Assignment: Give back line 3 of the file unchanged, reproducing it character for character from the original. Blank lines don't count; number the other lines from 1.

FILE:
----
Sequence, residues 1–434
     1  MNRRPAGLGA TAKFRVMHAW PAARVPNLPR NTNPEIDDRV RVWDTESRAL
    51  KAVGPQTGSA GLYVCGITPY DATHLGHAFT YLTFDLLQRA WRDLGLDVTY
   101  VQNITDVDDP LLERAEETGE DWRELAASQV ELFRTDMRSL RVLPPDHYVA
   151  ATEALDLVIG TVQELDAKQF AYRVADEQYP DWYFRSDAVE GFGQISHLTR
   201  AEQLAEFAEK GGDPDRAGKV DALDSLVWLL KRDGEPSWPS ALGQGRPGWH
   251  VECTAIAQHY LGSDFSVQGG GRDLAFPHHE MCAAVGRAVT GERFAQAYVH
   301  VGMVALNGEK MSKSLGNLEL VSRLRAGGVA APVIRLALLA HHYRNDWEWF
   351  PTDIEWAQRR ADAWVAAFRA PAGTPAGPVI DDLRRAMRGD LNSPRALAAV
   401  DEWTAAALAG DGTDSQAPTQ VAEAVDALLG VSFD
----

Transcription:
    51  KAVGPQTGSA GLYVCGITPY DATHLGHAFT YLTFDLLQRA WRDLGLDVTY